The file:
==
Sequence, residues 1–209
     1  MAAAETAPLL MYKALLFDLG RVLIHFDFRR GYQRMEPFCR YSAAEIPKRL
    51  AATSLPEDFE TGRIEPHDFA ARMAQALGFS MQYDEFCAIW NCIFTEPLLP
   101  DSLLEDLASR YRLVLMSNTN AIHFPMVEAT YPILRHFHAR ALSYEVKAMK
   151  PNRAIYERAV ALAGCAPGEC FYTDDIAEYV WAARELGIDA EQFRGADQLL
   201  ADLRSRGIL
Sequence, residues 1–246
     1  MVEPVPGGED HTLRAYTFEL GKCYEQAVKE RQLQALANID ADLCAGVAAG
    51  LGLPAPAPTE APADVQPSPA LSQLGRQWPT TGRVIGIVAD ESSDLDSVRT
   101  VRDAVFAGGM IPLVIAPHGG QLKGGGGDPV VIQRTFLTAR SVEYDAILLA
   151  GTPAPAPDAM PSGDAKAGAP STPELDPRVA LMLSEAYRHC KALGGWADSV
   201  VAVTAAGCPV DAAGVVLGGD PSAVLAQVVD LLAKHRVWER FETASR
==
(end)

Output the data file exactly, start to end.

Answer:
Sequence, residues 1–209
     1  MAAAETAPLL MYKALLFDLG RVLIHFDFRR GYQRMEPFCR YSAAEIPKRL
    51  AATSLPEDFE TGRIEPHDFA ARMAQALGFS MQYDEFCAIW NCIFTEPLLP
   101  DSLLEDLASR YRLVLMSNTN AIHFPMVEAT YPILRHFHAR ALSYEVKAMK
   151  PNRAIYERAV ALAGCAPGEC FYTDDIAEYV WAARELGIDA EQFRGADQLL
   201  ADLRSRGIL
Sequence, residues 1–246
     1  MVEPVPGGED HTLRAYTFEL GKCYEQAVKE RQLQALANID ADLCAGVAAG
    51  LGLPAPAPTE APADVQPSPA LSQLGRQWPT TGRVIGIVAD ESSDLDSVRT
   101  VRDAVFAGGM IPLVIAPHGG QLKGGGGDPV VIQRTFLTAR SVEYDAILLA
   151  GTPAPAPDAM PSGDAKAGAP STPELDPRVA LMLSEAYRHC KALGGWADSV
   201  VAVTAAGCPV DAAGVVLGGD PSAVLAQVVD LLAKHRVWER FETASR